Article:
x Abu Dhabi, UAETuesday 25 July 2017

Nasser's wife writes about a soldier, a president, a man

Tahia Nasser's memoir of life with her husband, the late president of Egypt, is a rare and evocative glimpse at the private side of a public man.

Egypt's late president Gamal Abdel Nasser and his wife Tahiya pictured in 1944 in their wedding outfits at a photographer's studio in Cairo.
Egypt's late president Gamal Abdel Nasser and his wife Tahiya pictured in 1944 in their wedding outfits at a photographer's studio in Cairo.

"There was always some kind of weapon at home, some big, like a cannon, that I couldn't put away in a drawer," writes Tahia Nasser, the wife of Egypt's late president Gamal Abdel Nasser. "I kept it in the corner of the dining room but it didn't stay long. After a day or two it would be gone and I would relax, but then another would arrive."

There are often differing accounts of prominent historical figures, biographies written by scholars in their ivory towers or memoirs by people that knew them best. I have always been drawn to the latter, whether I like the person in question or not.

At a time when everyone is talking about Arab revolutions, I couldn't help but go back to the life of Nasser, who was so associated with change in his time. The success or failure of this "change" I leave to the political scientists. But a personal memoir gives us a new insight into someone we grew up idolising, then criticising, and whenever convenient, reappraising again. I know I have done that with many historical figures.

Zekrayat Maou (Memories with him), by Tahia Gamal Abdel Nasser, is one such memoir. After two previous attempts, one while her husband was alive and one after his death, Mrs Nasser has finally finished writing about her 26 years as the wife of the former Egyptian president and chief symbol of the pan-Arabism movement of the 20th century. Published this year, the book is dedicated to her youngest son, Abdel al Hakim Nasser, who asked her to write it as a way to get to know his father, who died in 1970.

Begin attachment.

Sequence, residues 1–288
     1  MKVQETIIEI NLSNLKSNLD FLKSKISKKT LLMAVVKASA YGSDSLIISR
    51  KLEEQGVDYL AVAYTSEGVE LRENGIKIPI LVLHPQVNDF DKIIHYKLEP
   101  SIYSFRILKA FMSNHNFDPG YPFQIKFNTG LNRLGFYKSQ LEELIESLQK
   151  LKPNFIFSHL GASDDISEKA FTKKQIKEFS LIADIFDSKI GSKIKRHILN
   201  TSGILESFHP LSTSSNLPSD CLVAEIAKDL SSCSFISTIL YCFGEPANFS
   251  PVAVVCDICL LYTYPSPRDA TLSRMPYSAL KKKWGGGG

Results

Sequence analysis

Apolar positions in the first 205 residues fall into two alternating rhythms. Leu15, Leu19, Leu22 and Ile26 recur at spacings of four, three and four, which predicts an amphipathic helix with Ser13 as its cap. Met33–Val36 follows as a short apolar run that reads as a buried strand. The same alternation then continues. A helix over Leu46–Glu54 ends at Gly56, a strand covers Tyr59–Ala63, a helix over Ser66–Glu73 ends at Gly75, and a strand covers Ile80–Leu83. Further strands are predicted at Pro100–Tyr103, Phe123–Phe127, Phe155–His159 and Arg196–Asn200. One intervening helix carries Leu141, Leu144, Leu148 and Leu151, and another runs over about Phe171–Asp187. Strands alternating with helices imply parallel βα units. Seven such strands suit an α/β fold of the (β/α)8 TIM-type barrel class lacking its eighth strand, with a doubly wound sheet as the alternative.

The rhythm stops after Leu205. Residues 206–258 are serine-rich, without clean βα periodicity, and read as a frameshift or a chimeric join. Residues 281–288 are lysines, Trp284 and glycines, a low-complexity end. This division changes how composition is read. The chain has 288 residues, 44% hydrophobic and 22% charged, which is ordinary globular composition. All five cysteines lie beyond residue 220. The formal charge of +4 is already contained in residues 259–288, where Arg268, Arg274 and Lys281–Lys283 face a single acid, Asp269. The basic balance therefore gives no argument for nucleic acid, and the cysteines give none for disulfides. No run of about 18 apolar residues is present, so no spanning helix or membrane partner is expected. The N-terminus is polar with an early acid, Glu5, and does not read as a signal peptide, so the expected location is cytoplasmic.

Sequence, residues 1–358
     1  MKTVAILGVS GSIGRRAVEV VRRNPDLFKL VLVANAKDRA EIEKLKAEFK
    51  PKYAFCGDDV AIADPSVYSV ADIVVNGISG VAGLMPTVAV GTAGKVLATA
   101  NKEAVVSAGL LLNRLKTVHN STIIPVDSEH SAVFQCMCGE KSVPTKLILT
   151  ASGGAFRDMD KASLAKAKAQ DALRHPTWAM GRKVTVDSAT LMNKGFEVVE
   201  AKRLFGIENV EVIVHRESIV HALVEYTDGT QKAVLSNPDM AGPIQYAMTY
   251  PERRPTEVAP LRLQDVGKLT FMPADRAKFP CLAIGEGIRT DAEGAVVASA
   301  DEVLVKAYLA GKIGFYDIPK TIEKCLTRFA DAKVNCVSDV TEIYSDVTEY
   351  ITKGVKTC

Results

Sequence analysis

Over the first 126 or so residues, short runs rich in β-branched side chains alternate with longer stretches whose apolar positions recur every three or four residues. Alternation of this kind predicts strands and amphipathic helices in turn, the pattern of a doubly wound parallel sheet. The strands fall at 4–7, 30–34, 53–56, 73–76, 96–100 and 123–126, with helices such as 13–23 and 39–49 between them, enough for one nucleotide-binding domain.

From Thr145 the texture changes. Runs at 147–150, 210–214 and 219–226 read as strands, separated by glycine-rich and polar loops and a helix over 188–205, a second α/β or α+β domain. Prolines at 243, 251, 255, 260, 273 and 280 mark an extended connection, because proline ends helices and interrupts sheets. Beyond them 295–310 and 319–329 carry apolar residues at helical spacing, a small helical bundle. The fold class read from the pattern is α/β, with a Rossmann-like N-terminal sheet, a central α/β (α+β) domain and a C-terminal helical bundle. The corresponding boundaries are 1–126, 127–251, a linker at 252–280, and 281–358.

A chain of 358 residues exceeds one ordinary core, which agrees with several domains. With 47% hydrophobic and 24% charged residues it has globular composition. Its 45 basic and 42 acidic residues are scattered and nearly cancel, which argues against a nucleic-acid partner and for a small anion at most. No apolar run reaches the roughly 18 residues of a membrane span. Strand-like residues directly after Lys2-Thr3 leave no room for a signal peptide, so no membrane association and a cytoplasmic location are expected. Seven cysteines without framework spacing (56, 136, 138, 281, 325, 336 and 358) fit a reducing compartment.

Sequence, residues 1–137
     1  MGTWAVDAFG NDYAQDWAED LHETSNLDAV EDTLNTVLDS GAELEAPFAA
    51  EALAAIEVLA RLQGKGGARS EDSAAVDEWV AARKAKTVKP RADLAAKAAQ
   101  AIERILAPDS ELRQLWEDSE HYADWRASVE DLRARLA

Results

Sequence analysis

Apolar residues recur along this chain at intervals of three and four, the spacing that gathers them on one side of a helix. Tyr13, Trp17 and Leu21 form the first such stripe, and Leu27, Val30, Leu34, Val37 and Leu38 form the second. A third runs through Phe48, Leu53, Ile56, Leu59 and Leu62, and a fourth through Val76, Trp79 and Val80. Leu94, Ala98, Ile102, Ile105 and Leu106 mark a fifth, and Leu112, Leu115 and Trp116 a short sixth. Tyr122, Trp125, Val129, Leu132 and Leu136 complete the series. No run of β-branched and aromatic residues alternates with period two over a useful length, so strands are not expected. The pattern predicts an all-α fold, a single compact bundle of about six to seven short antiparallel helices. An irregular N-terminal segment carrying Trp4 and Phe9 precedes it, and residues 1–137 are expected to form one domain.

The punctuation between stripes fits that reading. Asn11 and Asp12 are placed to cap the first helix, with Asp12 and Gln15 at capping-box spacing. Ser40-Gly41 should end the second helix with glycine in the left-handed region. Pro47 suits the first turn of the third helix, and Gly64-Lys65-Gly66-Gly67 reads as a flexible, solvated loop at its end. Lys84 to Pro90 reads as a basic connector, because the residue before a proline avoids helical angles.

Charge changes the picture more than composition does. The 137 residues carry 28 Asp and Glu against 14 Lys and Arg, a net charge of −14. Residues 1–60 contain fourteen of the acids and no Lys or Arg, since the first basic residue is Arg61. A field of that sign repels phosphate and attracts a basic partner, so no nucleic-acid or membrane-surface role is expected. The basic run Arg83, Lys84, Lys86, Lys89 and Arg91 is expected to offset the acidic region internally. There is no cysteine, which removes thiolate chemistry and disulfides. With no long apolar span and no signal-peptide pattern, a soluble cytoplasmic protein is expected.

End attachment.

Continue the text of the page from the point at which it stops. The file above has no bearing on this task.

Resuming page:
It is worth pointing out that it is far more common for the children of Arab figures to speak openly about their fathers and mothers than it is for spouses. Wives often keep to themselves, mainly out of respect for the memory of their loved ones. But I am glad Mrs Nasser has broken her silence.

She married in 1944, admitting that she had fallen for the "man in uniform". "He agreed with my brother ... and said he didn't want to marry me until my older sister was married first," she writes. The sentence evokes a bygone era when old marital traditions still prevailed in the Middle East. Of course, in some conservative families, they still do.

The narrative veers from the private to the political and historical: from their nights at the cinema and how Nasser preferred to book seats ahead of time, to the smuggling of arms and secret meetings of military officers at their home in the middle of the night. And how she was kept in the dark about plans for a revolution until she heard gunfire echoing from the king's palace, and tanks rolled onto the streets of Cairo on July 22, 1952. She writes that at the time, she wept.

Struggles with family illnesses, Nasser's sense of humour, his last moments, and even the most private discussions between wife and husband are shared with an almost brutal honesty that is not common in Arab memoirs, certainly not about political and military figures. What emerges is a fascinating account of Nasser the husband, the father and the grandfather, and the image he portrayed, and how desperately he wanted to live up to it.

It becomes clear just how important it was to him, like to many in this region, to be a "father" to his people. I can understand that. We are brought up in our culture to respect our fathers, often obeying them unquestioningly even when we know they are being too tough, too demanding or even unreasonable. But that is also changing, as the younger generations have shown in the past few months. They no longer just accept authority without question. Too many leaders have taken their patriarchal tendencies too far.

Nasser wrote his own memoirs, at least twice, but nothing written by him ever resonated with me in the way his wife's words did.

Some passages in Mrs Nasser's memoir left me feeling like an intruder. But I'm still glad I read it. Even for those with little interest in the life of this historic leader, it gives a rare insight into the Arab men of our fathers' time, and the kind of husbands and fathers they were.

rghazal@thenational.ae